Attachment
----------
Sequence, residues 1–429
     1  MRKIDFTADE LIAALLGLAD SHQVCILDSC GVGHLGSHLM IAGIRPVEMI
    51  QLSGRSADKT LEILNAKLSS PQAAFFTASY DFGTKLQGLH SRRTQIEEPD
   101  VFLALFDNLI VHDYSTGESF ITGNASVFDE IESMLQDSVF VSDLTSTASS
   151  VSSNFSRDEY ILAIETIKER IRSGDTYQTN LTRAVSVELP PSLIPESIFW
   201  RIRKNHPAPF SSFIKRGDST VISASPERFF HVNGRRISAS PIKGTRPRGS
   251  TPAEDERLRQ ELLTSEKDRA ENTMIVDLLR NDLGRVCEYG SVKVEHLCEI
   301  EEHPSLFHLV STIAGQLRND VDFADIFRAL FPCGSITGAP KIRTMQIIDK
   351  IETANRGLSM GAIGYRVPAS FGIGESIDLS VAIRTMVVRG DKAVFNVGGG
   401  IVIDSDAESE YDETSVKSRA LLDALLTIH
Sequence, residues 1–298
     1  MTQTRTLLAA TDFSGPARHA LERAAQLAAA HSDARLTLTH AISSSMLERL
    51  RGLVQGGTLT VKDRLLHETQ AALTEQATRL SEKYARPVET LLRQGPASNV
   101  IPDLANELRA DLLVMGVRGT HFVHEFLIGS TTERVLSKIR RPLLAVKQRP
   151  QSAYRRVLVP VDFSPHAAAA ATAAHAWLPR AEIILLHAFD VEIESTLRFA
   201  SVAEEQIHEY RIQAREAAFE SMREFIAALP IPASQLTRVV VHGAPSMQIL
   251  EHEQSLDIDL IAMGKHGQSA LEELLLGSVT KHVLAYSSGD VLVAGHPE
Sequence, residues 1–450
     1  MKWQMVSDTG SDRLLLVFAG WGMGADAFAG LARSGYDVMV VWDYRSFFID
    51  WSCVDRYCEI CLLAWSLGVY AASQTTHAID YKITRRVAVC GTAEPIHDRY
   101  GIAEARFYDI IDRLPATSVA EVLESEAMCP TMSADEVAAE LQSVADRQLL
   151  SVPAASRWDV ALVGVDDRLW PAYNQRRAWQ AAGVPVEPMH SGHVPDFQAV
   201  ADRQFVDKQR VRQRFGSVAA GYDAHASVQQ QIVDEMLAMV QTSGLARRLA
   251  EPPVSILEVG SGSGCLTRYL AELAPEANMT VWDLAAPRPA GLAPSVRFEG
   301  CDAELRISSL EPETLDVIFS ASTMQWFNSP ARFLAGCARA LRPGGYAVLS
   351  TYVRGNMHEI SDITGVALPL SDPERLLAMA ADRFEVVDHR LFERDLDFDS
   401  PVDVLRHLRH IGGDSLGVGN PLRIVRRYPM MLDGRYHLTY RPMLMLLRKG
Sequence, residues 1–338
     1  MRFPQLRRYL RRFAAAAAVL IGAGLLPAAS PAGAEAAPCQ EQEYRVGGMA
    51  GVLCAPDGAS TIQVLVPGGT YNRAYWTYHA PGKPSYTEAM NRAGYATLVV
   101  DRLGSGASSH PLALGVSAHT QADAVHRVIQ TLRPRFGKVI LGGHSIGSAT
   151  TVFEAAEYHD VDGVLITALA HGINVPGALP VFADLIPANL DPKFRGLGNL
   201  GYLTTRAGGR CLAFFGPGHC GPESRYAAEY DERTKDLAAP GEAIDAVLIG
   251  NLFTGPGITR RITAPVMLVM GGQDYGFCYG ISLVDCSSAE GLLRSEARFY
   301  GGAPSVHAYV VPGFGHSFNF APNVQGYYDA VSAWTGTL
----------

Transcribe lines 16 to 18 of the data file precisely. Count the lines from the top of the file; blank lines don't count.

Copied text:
   201  SVAEEQIHEY RIQAREAAFE SMREFIAALP IPASQLTRVV VHGAPSMQIL
   251  EHEQSLDIDL IAMGKHGQSA LEELLLGSVT KHVLAYSSGD VLVAGHPE
Sequence, residues 1–450